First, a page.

Once the relevant interests are established, we will balance the privacy interests of employees against the public interest in disclosure. Where this balance leads us to conclude that the privacy interests are greater than the public interest at stake, we will find that the requested disclosure would constitute a clearly unwarranted invasion of personal privacy under Exemption 6 and, therefore, that disclosure is "prohibited by law" under section 7114(b)(4) of the Statute; accordingly, the agency is not required to furnish the information, unless disclosure is permitted under another exception to the Privacy Act. In contrast, where the balance tips the other way, because the public interest is greater than the privacy interests, we will conclude that disclosure would be required under the FOIA and, therefore, is not prohibited by the Privacy Act.
The question before us is whether disclosure of the requested list of names of employees who received outstanding appraisals is prohibited by the Privacy Act.(9) We find that the Respondent has demonstrated that disclosure of the requested information would implicate employee privacy interests.(10) In this regard, the Respondent asserts that the information sought is "almost identical" to that requested in Commerce, in which the court, on review, determined that release of the names of recipients of commendable or outstanding performance ratings implicated those employees' privacy interests. Respondent's Exceptions at 49. For the reasons discussed more fully in FAA, we find that employees have substantial privacy interests in keeping confidential information regarding their performance appraisals, even when the appraisals are favorable, such as those involved in this case. See Commerce, 962 F.2d at 1059; Ripskis v. Department of Housing and Urban Development, 746 F.2d 1, 3 (D.C. Cir. 1984) (Ripskis). Moreover, disclosure of the names of employees who received outstanding appraisals necessarily would identify (by omission) the employees who did not receive such appraisals and, thereby, also implicate their privacy interests. See Commerce, 962 F.2d at 1059.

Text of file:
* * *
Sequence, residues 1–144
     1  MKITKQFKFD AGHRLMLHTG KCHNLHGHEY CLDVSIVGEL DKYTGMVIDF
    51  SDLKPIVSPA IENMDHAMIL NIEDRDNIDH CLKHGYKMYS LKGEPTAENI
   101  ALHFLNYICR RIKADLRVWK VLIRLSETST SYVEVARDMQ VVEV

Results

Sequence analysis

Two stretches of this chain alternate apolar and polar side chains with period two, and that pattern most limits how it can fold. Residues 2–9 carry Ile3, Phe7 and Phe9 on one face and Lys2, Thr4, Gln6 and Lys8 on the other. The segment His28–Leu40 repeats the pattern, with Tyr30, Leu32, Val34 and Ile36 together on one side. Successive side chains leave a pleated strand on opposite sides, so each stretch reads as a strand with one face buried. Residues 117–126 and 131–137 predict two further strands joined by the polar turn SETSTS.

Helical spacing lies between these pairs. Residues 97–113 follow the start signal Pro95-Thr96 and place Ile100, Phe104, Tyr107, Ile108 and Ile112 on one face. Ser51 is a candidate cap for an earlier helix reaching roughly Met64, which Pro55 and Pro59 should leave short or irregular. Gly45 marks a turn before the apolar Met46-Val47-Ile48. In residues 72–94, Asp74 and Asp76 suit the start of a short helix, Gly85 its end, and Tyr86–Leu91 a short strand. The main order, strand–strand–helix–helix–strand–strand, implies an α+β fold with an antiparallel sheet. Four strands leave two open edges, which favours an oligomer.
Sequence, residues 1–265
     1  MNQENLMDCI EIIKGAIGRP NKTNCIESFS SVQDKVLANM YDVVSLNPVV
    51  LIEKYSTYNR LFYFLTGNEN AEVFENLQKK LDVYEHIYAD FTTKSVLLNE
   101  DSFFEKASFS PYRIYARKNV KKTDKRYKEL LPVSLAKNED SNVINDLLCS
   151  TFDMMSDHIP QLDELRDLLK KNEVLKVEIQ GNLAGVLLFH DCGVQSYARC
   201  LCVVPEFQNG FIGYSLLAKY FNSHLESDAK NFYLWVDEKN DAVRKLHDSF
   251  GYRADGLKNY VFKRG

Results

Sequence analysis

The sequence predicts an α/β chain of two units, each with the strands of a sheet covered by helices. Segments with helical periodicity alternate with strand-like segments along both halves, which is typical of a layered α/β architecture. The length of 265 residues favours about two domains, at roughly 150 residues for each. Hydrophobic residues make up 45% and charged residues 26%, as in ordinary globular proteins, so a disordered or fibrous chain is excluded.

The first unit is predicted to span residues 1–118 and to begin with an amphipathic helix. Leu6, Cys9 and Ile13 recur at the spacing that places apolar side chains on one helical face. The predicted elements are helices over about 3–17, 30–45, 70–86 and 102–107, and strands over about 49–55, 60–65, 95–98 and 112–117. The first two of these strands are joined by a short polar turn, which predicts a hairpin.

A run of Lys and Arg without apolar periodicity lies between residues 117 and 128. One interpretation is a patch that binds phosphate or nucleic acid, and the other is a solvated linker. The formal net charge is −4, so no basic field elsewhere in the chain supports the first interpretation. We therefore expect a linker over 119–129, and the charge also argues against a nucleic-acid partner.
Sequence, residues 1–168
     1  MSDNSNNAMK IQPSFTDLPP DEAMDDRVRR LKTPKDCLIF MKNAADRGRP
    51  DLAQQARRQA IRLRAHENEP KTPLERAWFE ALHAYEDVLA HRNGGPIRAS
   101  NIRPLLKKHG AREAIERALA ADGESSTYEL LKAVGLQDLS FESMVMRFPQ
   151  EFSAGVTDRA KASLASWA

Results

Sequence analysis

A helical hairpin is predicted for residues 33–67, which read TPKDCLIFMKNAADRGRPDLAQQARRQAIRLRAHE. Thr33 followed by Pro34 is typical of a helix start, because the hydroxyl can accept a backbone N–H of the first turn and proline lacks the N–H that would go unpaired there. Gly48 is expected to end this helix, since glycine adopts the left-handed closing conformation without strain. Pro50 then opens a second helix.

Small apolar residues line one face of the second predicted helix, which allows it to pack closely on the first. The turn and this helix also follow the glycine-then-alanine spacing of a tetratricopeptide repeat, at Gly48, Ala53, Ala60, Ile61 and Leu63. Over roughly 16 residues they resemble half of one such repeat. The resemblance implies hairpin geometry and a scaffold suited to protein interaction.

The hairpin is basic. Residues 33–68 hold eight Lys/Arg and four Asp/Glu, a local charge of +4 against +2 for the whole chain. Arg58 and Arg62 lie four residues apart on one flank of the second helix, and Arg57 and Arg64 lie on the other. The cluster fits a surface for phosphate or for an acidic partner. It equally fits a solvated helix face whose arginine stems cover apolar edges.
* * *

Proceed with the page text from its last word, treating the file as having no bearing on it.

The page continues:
Our finding that disclosure of the requested information would implicate privacy interests is not altered by the Respondent's alleged previous release of names of employees who received outstanding ratings. Even if the Respondent previously disclosed that information, we are unable to conclude, in the absence of any authority for the argument, that such disclosure diminishes employees' privacy interests in subsequent disclosures. See U.S. Department of Transportation, Federal Aviation Administration, Jacksonville Air Traffic Control Tower, Jacksonville, Florida, 50 FLRA 388, 393 (1995) (Authority rejected argument that employees' privacy interest in performance appraisals had been "lessened" by prior disclosure to union of unsanitized appraisals). Cf. Painting and Drywall Work Preservation Fund, Inc. v. Department of Housing and Urban Development, 936 F.2d 1300, 1303 (D.C. Cir. 1991) (certain postings of wage scales required by Davis-Bacon Act do not diminish employees' privacy interest in nondisclosure of actual earnings); and Halloran v. Veterans Administration, 874 F.2d 315, 322 (5th Cir. 1989) (in assessing privacy interests under Exemption 7(C) of the FOIA, the fact that "otherwise-private information may have been at one time or in some way in the 'public' domain does not mean that a person irretrievably loses his or her privacy interests in it").
On the other hand, the record in this case does not establish that disclosure of the requested information--the names of those employees who received outstanding performance ratings--would more than minimally, if at all, serve the public interest cognizable in the Exemption 6 analysis, because it would reveal little about what the Government is "up to." United States Department of Justice v. Reporters Committee for Freedom of the Press, 489 U.S. 749, 773 (1989) (Reporters Committee). In this regard, the General Counsel and the Union assert that disclosure of the requested list of names would serve public interests which, if established, would be cognizable under Exemption 6. Specifically, the General Counsel asserts that disclosure would serve the public interest by enabling a member of the public to determine whether "taxpayer dollars" have been wisely spent. GC's Supplemental Brief at 2. The Union posits a public interest in assuring that the Respondent's programs are free from favoritism. We conclude that the General Counsel and the Union have articulated public interests cognizable under Exemption 6 because information permitting a member of the public to monitor agency expenditures of public money and review an agency's administration of personnel programs generally would shed light on Government operations. See FAA, 50 FLRA at 347-48.